Yesterday I was gifted a box of various food staples since I'm on a tight budget. The only items I don't know what to do with are these canned goods.- One 15 ozs. can of sweet potatoes, in syrup- Four 14 ozs. cans of cranberry sauce* (Ocean Spray brand)- Two 15 ozs. cans of cut green beans(* I know cranberry sauce isn't a vegetable, but I wanted a sgirt subject line.)Any healthy entree ideas?Considerations: I have a working stove, but my oven is currently out of order and will remain so for at least a few more months. Since I am on a tight food budget, I prefer main entree ideas (breakfast, lunch, or dinner). I do not normally make sweets, desserts, or appetizers so the sweet potatoes (in syrup) and the cranberry sauce has me stumped. I rarely buy green beans, preferring fresh or frozen as the last time I bought canned green beans decades ago, I found them too soft (but maybe there is a a stovetop casserole idea that might work? anyone?).Thank you.Lois Carmen D.
but I wanted a sgirt subject line.That should have been "a short subject line. Sorry for any confusion.
Well cranberry sauce you just eat as a side like you would applesauce. Ocean Spray does have some recipes on their website using their whole berry cranberry sauce. Lara Amber
Green Beans: If you don't want to go the green bean casserole route (which is the first place I would go with canned green beans), my grandparents used to cook green beans with potato, as a side. For the sweet potatoes, I would say sweet potato casserole as a side, with brown sugar/cinnamon. It will be sweet because sweet potatoes are sweet all on their own, but not necessarily dessert (especially if you leave off the marshmallows!)...You could probably find a ton of recipies online in the thanksgiving section. Cranberries, I'm not sure. I think you could make a cranberry sauce that goes well with meats like duck and pork, but I never eat the jelly.
Without an oven, you have some limitations.For green beans, I find it easy to include them in dishes like homemade soup, chili, or even in many pasta recipes with sauce.I agree that fresh or frozen green beans are better in that canned ones are often have a flavor from the can. As to softness, we have different cooking styles in the US, North to South. Southern style cooks them until soft usually in the presence of bacon or ham rind. Canned can work OK in such a recipe. Northern style likes them crisp--often just heated through rather than cooked. That is hard to achieve with canned green beans.For sweet potatoes, I have seen them mashed. They are tasty. Again I think that is Southern style cooking.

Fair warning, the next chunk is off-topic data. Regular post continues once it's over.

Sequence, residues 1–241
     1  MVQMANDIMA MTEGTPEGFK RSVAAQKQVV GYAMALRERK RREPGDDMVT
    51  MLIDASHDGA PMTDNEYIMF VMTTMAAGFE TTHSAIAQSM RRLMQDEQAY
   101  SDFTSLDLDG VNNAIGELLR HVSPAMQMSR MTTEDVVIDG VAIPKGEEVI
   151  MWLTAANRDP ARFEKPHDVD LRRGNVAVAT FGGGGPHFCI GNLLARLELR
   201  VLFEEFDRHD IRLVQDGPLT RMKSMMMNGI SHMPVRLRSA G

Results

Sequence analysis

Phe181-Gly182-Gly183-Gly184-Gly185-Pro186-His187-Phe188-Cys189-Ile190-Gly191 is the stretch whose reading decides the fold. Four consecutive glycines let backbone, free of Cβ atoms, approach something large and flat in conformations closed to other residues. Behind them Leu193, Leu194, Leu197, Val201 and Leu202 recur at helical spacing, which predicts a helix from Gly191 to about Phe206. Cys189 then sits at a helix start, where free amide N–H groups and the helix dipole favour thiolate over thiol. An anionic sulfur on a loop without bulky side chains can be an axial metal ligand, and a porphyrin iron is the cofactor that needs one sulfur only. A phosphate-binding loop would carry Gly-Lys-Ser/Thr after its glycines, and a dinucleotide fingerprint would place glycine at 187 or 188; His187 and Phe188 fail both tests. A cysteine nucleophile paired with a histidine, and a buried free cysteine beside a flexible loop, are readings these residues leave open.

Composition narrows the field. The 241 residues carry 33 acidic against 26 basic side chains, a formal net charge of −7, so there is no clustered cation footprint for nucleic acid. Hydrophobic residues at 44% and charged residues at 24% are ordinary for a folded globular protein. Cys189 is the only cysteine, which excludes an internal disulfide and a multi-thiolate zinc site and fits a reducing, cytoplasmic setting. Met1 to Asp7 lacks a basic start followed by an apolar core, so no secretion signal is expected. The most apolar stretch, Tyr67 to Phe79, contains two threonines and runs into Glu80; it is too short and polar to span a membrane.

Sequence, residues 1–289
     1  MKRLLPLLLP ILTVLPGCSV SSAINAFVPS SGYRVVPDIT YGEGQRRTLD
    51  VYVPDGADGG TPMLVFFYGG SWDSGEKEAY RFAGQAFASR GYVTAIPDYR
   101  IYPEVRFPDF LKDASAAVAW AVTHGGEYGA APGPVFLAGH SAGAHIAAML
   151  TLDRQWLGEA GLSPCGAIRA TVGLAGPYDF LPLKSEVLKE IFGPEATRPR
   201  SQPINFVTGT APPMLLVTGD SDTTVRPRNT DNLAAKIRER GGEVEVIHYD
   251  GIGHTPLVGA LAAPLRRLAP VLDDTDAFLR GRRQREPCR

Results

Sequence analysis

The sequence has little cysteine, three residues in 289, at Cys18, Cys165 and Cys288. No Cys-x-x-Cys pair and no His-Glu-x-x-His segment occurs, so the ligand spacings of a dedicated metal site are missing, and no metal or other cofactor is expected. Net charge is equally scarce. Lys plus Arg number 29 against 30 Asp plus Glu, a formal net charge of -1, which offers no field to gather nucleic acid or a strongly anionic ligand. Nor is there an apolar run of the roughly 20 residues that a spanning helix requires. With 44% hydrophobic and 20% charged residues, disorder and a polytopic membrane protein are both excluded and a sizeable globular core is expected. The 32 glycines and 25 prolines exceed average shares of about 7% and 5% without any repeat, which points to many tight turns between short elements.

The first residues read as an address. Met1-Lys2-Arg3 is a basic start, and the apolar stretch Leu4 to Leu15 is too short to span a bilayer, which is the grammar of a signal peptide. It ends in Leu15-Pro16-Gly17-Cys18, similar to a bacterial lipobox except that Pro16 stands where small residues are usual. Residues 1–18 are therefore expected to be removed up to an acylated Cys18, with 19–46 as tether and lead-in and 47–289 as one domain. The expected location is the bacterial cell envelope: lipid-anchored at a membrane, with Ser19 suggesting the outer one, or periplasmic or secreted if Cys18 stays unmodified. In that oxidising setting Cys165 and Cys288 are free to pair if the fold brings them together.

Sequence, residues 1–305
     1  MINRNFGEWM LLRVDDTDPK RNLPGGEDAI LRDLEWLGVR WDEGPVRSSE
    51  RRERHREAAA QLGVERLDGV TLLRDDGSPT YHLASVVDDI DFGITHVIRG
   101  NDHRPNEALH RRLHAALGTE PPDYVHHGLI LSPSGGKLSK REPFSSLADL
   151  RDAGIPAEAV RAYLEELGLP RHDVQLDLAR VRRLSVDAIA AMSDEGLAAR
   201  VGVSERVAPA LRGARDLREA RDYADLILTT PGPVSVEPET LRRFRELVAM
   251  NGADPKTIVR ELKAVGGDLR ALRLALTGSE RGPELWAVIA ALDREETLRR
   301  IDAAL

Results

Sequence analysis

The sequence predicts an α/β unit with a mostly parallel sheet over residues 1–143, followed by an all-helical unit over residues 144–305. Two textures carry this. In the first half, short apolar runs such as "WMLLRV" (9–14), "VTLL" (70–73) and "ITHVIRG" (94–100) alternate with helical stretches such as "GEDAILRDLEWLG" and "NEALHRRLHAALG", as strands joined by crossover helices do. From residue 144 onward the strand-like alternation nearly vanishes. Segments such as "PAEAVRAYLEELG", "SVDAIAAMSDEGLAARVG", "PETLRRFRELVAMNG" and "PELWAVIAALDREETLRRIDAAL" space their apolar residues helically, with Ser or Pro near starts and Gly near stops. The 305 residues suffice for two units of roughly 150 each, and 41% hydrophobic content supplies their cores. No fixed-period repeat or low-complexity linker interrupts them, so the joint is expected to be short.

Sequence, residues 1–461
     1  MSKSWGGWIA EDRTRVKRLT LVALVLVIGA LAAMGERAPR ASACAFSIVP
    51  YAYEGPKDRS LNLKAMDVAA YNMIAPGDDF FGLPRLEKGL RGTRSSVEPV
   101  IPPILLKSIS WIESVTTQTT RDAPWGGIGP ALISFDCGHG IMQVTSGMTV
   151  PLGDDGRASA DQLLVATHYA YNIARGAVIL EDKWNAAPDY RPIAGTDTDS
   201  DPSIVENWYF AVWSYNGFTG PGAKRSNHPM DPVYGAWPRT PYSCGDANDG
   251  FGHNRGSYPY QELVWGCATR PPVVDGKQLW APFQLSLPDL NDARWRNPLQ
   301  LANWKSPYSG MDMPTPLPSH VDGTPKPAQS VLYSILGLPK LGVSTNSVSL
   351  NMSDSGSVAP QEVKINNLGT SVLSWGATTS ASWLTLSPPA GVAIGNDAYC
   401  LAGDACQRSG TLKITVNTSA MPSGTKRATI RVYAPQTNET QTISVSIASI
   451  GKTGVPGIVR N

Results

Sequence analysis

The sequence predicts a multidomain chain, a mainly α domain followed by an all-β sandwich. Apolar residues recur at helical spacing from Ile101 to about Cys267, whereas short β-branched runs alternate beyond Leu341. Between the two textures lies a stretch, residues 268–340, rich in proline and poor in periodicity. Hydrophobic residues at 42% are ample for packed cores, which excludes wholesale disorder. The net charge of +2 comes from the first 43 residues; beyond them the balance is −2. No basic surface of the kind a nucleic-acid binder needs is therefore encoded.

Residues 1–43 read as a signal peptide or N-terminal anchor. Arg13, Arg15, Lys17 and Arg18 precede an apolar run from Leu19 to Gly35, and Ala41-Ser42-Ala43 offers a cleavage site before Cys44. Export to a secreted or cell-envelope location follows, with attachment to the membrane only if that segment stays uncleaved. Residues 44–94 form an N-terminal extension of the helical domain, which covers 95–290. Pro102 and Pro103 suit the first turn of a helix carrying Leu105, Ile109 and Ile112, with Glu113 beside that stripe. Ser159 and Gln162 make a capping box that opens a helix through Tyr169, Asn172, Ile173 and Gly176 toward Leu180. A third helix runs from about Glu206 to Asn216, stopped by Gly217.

I like to use leftover cranberry sauce in this recipe:http://www.epicurious.com/recipes/food/views/Pork-Tenderloin...I do make it with the pork tenderloins, but I've also just made the sauce and served that with pork chops, and you could cook the whole thing on top of the stove.Another one that I like is this one also from epicurious http://www.epicurious.com/recipes/food/views/Pork-Chops-with...You might try looking up recipes there for the sweet potatoes, but I'd think you could just eat those and the green beans just heated up as a side veggie.
- One 15 ozs. can of sweet potatoes, in syrup- Four 14 ozs. cans of cranberry sauce* (Ocean Spray brand)- Two 15 ozs. cans of cut green beansOne way to get around the soft texture of canned green beans is to put them in another dish, like soup or pasta. I often do this with frozen vegetables since they also tend to have a soft texture. I think they go nicely with ziti or rotini with meat sauce. I would rinse them before using since canned vegetables tend to have a lot of salt.Cranberry sauce makes a nice condiment for sandwiches, especially turkey sandwiches. However, it would take a long time to use four cans that way! You can also add a spoonful to vegetables to add just a touch of sweetness - I've been trying to use up some strawberry jelly and I sometimes add a tiny bit to green beans or carrots.You could probably rinse the sweet potatoes to get rid of some of the syrup.Karen